When Wright discusses temptation he recognizes that one of our temptations is to over-simplify things. We are tempted to make light of complicated situations and find quick solutions to difficult problems. Sometimes discipleship requires us to be content with the sufficiency of God’s grace even though our flesh is compromised by an irritating thorn. It is tempting to despair or cling to false optimism, but discipleship means holding to the cross and remaining confident that God has triumphed over the powers.
 Throughout this book, Wright reflects on the Eucharist as that place where Heaven touches Earth, where the new glorious body of Christ is present and comfortable at table with tax collectors and sinners. The Lord’s Supper is a place where faith is strengthened, hearts are healed, and from whence discipleship commences.
 I am not comfortable with Wright’s degree of confidence in the agency of free will. Martin Luther informs me that before I take Christ as an example to follow I should first receive him first of all as God’s gift. Luther noted how many people try to imitate the acts of Christ and other witnesses, but pay no or too little attention to the faith that inspired them. St. Paul says “the only thing that counts is faith working [or made effective] through love” (Galatians 5.6b). If something other than faith is inspiring us, if something other than the Spirit of God is at work in us, then however shiny the works may be they don’t count for anything coram Deo.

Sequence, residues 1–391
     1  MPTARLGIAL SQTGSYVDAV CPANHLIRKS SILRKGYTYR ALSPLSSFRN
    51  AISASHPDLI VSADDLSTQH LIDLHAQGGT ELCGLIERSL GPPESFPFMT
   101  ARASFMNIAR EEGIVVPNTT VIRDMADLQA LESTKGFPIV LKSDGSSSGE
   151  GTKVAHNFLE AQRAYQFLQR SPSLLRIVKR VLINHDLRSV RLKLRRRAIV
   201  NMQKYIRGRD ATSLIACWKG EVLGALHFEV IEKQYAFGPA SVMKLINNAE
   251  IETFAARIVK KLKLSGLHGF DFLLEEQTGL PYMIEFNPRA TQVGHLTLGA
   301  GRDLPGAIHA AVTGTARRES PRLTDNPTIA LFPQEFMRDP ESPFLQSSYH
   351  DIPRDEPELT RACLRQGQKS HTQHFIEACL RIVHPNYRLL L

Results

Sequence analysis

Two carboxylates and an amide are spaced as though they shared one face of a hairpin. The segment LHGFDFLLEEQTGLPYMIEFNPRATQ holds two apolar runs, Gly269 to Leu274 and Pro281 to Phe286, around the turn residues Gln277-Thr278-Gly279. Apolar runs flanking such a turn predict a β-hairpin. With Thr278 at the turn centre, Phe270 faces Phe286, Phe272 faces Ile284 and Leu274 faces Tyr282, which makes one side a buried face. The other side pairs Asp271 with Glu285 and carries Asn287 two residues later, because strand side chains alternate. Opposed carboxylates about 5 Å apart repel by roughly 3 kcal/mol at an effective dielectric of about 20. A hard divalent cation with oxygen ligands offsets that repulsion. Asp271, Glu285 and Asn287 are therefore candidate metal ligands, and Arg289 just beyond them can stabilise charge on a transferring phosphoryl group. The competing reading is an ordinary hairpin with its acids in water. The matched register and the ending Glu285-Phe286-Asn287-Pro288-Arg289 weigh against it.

I disagree with Wright when he says that, “Some, perhaps many, of God’s human creatures do choose, and will choose, to dehumanize themselves completely. [I do not] see anything to make me suppose that God, who gave his human creatures the risky gift of freedom and choice, will not honor that choice.” I do not believe God respects our bad choices. Over and over and over I see God patiently bearing with his wayward people, both Jews and Gentiles, seeking them out and bringing them back, time after time. It is God’s steadfast love and faithfulness that inspire my faith and hope and love, and shapes my understanding of discipleship.
 This book would be great for an adult study group. The language is accessible; each of the 12 chapters are easily read during an hour class with time for discussion along the way or after. Pastors will find new insights and challenges on the themes of discipleship, following Jesus.
The Rev. R. Don Wright is pastor of Immanuel Evangelical Lutheran Church in Philadelphia, Pennsylvania
Journal of Lutheran Ethics